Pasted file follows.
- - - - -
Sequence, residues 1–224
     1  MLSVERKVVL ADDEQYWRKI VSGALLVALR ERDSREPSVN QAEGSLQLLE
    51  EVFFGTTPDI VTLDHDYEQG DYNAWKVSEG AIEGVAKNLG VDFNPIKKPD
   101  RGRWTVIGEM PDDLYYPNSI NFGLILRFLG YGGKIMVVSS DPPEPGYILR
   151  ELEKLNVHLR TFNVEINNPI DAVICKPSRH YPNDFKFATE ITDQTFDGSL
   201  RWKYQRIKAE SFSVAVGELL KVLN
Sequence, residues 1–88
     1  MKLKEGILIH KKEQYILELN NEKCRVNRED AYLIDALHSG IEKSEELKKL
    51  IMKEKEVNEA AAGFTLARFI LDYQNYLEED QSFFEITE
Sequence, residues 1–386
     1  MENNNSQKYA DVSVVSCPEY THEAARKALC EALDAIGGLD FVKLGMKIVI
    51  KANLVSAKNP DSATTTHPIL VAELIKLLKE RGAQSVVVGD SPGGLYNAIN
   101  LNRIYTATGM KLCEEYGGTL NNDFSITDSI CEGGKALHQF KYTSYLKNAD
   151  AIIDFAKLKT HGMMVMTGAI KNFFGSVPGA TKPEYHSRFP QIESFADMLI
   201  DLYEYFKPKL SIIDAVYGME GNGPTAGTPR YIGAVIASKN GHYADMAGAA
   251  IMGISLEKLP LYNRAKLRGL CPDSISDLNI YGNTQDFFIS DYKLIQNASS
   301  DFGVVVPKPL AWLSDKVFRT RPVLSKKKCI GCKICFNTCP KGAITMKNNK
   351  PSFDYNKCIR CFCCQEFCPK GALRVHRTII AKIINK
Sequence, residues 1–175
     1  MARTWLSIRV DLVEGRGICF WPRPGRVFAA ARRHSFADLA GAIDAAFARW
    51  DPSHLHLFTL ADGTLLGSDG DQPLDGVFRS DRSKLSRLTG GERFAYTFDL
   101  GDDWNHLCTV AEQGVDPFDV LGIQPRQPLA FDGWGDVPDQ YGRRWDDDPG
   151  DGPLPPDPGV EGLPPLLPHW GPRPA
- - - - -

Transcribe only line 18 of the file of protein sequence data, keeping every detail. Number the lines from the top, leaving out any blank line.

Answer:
   351  PSFDYNKCIR CFCCQEFCPK GALRVHRTII AKIINK